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Humane. Organic. Cage-free. Free-range. Free-run. Cruelty-free. Natural. Which egg is the best egg?
So, I decided to take a little journey down the path towards “cruelty-free” eggs and see what I could find out.
First, the environment or animal welfare are a concern, conventional eggs just don’t cut it. These chickens are packed into cages where they each get a space about the size of a letter-sized piece of paper. They go in a cage as soon as they are mature enough to lay eggs and never leave it until they are slaughtered at about two years at the oldest. This is a fraction of their natural lifespan, since chickens can live to be 10 to 15 years old.
Some promote cage-free eggs as a cruelty-free alternative. But how cruelty-free is it?
Labels such as “free-range” or “free-run” mean that the hens are not kept in cages. But they are often kept indoors at almost the same density as if they were in cages (which is basically the same as chickens raised for meat). There is also no regulation of these labels, which means that consumers have no way of knowing if the eggs that they are buying are really any better for the chickens than eggs from caged hens.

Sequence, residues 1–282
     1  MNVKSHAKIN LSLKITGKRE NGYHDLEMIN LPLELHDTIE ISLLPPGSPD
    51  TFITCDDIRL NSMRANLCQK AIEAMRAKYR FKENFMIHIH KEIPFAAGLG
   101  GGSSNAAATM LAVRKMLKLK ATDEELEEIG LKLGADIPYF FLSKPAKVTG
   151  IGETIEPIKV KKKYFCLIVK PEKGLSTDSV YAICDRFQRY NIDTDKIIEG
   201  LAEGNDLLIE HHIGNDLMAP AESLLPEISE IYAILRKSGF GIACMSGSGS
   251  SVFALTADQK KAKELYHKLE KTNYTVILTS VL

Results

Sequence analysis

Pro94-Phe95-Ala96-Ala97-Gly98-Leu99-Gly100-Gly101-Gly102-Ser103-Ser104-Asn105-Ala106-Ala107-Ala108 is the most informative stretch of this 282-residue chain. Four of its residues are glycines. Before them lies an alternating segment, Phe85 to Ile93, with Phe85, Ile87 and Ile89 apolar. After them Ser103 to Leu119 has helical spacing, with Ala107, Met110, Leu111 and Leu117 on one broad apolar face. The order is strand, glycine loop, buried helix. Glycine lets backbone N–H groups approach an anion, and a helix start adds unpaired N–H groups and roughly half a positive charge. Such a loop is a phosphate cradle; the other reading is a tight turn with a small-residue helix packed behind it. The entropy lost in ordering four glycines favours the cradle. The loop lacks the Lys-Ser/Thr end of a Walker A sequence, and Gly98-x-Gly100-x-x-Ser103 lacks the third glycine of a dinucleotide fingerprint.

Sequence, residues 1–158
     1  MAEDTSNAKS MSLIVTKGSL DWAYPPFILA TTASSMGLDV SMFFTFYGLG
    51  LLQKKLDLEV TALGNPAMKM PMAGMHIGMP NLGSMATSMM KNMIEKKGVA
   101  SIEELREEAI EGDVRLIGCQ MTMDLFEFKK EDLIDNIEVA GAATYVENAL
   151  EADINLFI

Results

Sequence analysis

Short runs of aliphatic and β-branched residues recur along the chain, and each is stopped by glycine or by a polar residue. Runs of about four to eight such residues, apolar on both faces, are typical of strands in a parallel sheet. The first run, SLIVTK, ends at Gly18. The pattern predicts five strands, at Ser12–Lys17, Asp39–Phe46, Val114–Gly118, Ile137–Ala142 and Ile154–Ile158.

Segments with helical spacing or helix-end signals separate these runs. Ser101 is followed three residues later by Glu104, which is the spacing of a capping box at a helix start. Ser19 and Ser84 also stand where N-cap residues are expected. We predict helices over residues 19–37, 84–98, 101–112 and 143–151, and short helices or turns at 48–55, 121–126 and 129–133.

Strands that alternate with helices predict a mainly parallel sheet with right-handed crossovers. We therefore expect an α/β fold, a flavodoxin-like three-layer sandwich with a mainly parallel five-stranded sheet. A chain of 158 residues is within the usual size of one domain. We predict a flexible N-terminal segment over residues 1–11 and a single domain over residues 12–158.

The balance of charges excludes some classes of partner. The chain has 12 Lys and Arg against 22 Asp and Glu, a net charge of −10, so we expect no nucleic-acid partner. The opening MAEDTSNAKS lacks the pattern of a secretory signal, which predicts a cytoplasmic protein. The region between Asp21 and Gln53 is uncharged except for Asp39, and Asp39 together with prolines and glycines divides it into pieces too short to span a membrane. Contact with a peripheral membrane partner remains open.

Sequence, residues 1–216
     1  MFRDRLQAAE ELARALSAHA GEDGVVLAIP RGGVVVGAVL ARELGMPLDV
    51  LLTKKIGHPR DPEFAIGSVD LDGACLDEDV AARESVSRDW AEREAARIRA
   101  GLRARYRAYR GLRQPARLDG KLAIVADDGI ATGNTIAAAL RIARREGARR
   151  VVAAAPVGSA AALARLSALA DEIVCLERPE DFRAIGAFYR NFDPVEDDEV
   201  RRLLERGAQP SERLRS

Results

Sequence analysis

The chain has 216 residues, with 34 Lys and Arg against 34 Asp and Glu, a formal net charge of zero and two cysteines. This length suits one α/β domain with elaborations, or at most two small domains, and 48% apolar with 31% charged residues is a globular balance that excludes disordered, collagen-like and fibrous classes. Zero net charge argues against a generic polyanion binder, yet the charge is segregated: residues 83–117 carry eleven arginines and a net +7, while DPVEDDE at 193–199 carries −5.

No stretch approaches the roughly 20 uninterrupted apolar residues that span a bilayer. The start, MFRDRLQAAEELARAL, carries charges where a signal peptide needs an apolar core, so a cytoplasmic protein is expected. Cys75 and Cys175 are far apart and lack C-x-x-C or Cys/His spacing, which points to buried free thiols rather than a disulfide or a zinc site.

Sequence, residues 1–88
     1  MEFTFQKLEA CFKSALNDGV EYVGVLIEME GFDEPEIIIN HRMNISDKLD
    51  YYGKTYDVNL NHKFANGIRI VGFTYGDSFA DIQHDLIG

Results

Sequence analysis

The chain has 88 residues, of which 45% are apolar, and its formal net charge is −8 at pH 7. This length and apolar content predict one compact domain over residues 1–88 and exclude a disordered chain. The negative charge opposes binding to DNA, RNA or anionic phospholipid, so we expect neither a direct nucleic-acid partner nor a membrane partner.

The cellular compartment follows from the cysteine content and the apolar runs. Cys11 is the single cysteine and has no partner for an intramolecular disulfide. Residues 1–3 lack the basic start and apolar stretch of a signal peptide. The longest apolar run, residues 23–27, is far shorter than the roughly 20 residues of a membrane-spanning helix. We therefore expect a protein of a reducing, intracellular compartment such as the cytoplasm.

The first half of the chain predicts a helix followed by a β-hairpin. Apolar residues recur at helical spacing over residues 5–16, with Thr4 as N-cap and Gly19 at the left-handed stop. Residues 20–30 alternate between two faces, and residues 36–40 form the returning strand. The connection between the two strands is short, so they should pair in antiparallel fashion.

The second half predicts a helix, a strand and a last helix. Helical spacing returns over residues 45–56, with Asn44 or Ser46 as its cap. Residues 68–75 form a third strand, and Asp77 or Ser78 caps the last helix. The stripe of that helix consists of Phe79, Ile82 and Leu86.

Backyard chickens in Vancouver – Read Granville Online’s comprehensive coverage of the debate.
FAQs on backyard chicks – Check the City of Vancouver’s backyard chickens page.
The BC Certified Organic label is a regulated, third-party certification system. These hens have access to the outdoors and have space to move. On the surface, this seems like an immense improvement over caged eggs. We’ve all seen pictures of hens outdoors in the sun. It looks like a very nice life.
Unfortunately, no. All egg farms have to make money in order to keep operating. The rate of egg laying drops off when a hen is a couple of years old. When it starts to cost more to feed and care for a hen than can be made on her eggs, she is sent off to slaughter. Even though we know they can have a 10 to 15-year lifespan, even these chickens are killed at around two years of age.
The slaughter process is essentially the same whether the chickens have been raised organically or not. There are no farms that keep on feeding and caring for hens for the years after they stop laying eggs. It’s a simple matter of economics.
Also, we tend to forget about the systems that support the farms. There are few if any farms that have their own hatcheries. Farms get their chicks mailed to them at one day old from large hatcheries. There are no organic hatcheries in B.C., so chicks come from the same hatcheries as caged eggs. Because males don’t lay eggs, they are killed at one day old. Roughly half of the chicks born are male. For each and every hen that is laying eggs on a farm, there is a rooster who was killed at one day old because he was unnecessary.
How, then, can we ever hope to get “cruelty-free” eggs?
The Vancouver City Council voted recently to allow Vancouver residents to keep hens in their backyards. On the surface this would seem to offer the ultimate opportunity for “cruelty-free” eggs. But let’s take a closer look.